Linton, Gabriel
    Örebro University, Örebro University School of Business.
    Quadruple helix as a network of relationships: creating value within a Swedish regional innovation system2020In: Journal of Small Business and Entrepreneurship, ISSN 0827-6331, E-ISSN 2169-2610, Vol. 32, no 6, p. 523-544Article in journal (Refereed)
    Abstract [en]

    A regional smart specialization initiative is investigated from a quadruple helix framework (industry, government, academia, and users/civil society). Based on a qualitative case study, we examine the interdependencies of actors, resources, and activities from a micro perspective. The aim is to understand the relationships and the value created between the different actors. From the results we conclude that the fourth helix should be viewed as a whole – an arena where triple helix actors in different value adding relationships take on different roles – where they create value to civil society, for example, new jobs or products for improved elderly care. In line with this, we state that the fourth helix is far more complex than limiting it to simply become a fourth separate helix of users or civil society. There is a complexity in that the fourth helix consists of both different users (including triple helix actors) as well as civil society. Users in the quadruple helix framework can also be defined in several ways depending on the context of the arena (the fourth helix) and what value adding activities they bring to civil society. Thus, users can be businesses, organizations, citizens, society, and many more things.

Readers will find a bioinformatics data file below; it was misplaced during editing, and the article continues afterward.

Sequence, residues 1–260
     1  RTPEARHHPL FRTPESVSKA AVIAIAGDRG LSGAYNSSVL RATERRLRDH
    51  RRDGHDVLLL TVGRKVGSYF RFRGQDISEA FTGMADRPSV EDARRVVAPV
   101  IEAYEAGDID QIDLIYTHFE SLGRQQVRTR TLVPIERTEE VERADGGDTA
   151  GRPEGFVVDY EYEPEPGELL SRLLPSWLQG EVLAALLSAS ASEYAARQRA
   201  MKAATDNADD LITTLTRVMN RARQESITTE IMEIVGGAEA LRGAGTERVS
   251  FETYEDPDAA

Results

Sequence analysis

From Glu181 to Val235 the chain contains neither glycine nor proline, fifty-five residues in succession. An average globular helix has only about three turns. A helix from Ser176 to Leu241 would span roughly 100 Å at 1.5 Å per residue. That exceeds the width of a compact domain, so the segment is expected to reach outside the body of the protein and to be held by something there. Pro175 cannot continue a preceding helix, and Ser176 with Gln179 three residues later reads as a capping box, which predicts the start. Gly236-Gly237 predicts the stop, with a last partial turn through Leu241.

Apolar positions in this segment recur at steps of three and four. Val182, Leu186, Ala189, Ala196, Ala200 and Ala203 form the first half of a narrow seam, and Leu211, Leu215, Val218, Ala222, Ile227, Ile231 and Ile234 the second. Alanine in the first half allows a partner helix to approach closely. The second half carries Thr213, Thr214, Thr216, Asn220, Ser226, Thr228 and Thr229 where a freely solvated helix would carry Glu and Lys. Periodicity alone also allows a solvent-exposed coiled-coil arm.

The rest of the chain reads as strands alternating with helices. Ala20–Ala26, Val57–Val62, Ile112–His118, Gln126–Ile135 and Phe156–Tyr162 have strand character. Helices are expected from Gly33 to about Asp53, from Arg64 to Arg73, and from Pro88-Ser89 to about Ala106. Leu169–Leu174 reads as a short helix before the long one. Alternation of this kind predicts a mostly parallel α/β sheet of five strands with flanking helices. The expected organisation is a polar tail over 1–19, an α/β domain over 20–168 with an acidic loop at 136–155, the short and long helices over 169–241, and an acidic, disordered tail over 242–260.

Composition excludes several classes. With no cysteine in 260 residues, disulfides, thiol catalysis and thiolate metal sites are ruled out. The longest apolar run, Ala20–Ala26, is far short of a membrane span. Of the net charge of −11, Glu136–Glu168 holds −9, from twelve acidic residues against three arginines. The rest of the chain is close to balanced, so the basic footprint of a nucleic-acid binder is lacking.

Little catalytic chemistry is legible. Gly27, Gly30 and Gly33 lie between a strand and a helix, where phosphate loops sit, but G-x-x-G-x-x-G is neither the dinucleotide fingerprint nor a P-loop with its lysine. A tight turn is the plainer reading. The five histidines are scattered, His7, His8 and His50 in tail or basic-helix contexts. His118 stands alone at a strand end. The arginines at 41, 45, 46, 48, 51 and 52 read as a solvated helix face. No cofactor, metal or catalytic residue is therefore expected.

Download full text (pdf)
    Quadruple helix as a network of relationships: creating value within a Swedish regional innovation system
  • 10.
    Hasche, Nina
    et al.
    Örebro University, Örebro University School of Business.
    Kask, Johan
    Örebro University, Örebro University School of Business.
    Linton, Gabriel
    Örebro University, Örebro University School of Business.
    Prenkert, Frans
    Örebro University, Örebro University School of Business.
    Conceptualizing tangible resources in interaction: sites and interfaces2020Conference paper (Refereed)
  • 11.
    Hasche, Nina
    et al.
    Örebro University, Örebro University School of Business.